Palladium vs. Platinum Wedding Rings – Top Differences

Although every engagement or wedding ring’s primary focus is the beautiful stone displayed on top, the color, weight, and quality of the band on which it sits are some of the factors to consider in choosing the ring that goes with you for eternity.

Wedding rings are no longer just a symbol of love and union. They are also the couple’s fashion statements. So much so that some engaged couples prefer wedding bands that are incredibly versatile and can work well with any personality or taste.

Certain materials like palladium and platinum are often offered to couples looking for this direction. Ever heard of palladium? It’s not surprising. A lot are not familiar with this metal. But, let’s discuss how palladium and platinum are different from each other and why they are considered one of the most favorite metals to use for jewelry.


Palladium and Platinum Basics

The traditional choice for wedding rings has long been yellow gold. They embody lasting beauty and deep-rooted value. However, the 1990s introduced another trend in wedding rings – cool and clean luster of white gold.

White gold became popular as it accentuates the sparkle and brilliance of diamonds. It doesn’t reflect color through the stone. All while allowing couples who prefer the look of silver-colored metal to honor wedding traditions without compromising beauty.

Platinum and palladium came into the picture as other options for a naturally white looking metal for wedding rings. Gold is alloyed to look white but wears away over time. Wearing results in replating, which has to be done every once in a while. Maintaining white gold with replating came inconveniently for some.

History of Palladium

English chemist William H. Wollaston discovered palladium in 1803. While examining residues left from platinum after dissolving it in aqua regia, he ran a series of chemical reactions to isolate palladium. Then after heating palladium cyanide, palladium metal was extracted.

The chemist made his discovery known eccentrically. He left a quantity of palladium metal for sale with a mineral dealer in London, then anonymously posted handbills all over the city, describing what the new metal can do.

The unconventional announcement attracted harsh criticisms that said palladium is an alloy of platinum and mercury. But, Wollaston only wanted to have time to understand the metal before going out there and introduce it personally.

Palladium is named after the then-recently discovered asteroid, Pallas, which refers to the ancient Greek goddess of Wisdom. It belongs to the platinum group metals, possessing similar properties like malleability and ductility.

Like gold, palladium can be beaten into thin leaves. It does not tarnish in the air but does lightly in moist air that contains sulfur. Its durability is the reason it has been a popular choice of metal material for jewelry since 1939. It was then that platinum was needed for the war that palladium rings became a great alternative.

Palladium was officially recognized as a precious metal in January 2010. Since then, any palladium wedding ring more than a gram is legally expected to be hallmarked.

Pros and Cons of Palladium in Rings

Palladium’s unique characteristics give it certain advantages when used as a wedding ring. And, as with most metals used for wedding rings, it also possesses a few disadvantages. Here are a few you may consider.

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Pros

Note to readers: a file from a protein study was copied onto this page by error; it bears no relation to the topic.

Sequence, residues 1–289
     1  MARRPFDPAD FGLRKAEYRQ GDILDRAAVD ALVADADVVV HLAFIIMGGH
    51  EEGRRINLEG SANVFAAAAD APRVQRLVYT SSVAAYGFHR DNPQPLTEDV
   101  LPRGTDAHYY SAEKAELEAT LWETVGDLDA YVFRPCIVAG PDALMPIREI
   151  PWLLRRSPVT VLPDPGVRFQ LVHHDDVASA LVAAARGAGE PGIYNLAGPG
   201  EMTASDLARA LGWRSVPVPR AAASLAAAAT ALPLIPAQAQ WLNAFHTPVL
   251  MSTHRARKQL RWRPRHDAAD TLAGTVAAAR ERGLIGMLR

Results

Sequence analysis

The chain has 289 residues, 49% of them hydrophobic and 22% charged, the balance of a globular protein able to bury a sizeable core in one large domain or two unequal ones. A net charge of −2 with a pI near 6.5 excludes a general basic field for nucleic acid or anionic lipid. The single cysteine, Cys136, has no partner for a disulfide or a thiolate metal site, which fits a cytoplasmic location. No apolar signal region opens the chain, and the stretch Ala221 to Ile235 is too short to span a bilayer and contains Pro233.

• It has a beautiful silvery-white luster while keeping a slightly darker hue than platinum. This appearance is almost not perceivable as to the naked eye. Both look virtually identical.
  • Palladium wedding rings are incredibly durable. They are a little harder than platinum, thus giving the latter a slight durability advantage.
  • Not too long ago, palladium was a more affordable metal than platinum. But, the increase in demand for this metal, mostly due to its industrial uses, means that there isn’t much price difference now.
  • White golds need to be replated every once in a while to keep their color. Palladium rings naturally maintain their color over time and can often foster an attractive patina as it ages.
  • Palladium is lighter than platinum thus will feel relatively light on the finger.
  • This metal does not contain any nickel making it less likely to cause allergic reactions than alloyed gold.
Palladium Wedding Ring
Milgrain Comfort Fit 950 Palladium Wedding Ring from Blue Nile

Cons

  • Palladium is 15 times rarer than platinum and 30 times rarer than gold. Its rarity is the reason it is not a typical metal for wedding bands. As a result, it may be hard to find a palladium ring in a design you want due to its limited supply.
  • As a result of their metallic characteristic, palladium rings are tough to resize.
  • Some couples tend to go for heftier wedding bands, and the lighter weight of palladium may come as a deal-breaker for them.

History of Platinum

The illustrious platinum is one of the rarest and most expensive metals used in the modern world. Not only is it as rare as gold, but it is also as desirable because of its luster, resistance to tarnishing, and strength – all characteristics that are perfect for wedding rings.

The discovery of platinum dates back to the ancient Egyptians. But, the understanding and knowledge about this precious metal came when its discoverer Antonio de Ulloa returned to Spain in 1746 and brought samples of it.

It wasn’t until 1751  when it was recognized and became its own element. In the following years, methods of melting the platinum down became successful, and it began to grab jewelers and other metal workers’ interest.

One of the first instances platinum was used for fashion and jewelry was when Marc Janety, a goldsmith to Louis XVI, used it for fashion buttons and chains for clothing, expensive cutlery, and other luxury items.

Platinum did not immediately become an item for jewelry. It was only until the development of jewelry torches that manipulated metal that Louis Cartier used to create the first platinum jewelry. He was able to bring platinum’s durability and luster to light.

Today, platinum has various uses. It remains a favorite option for jewelry because of its resistance to tarnish, unlike silver. Industries also use platinum for catalytic converters in car engines. Platinum is also useful in boosting magnetic properties; thus is used in the electronic sector to create hard disks. In the medical industry, they serve their purpose best in dental fillings, pacemakers, and even chemotherapy treatment for cancer patients.

Pros and Cons of Platinum in Rings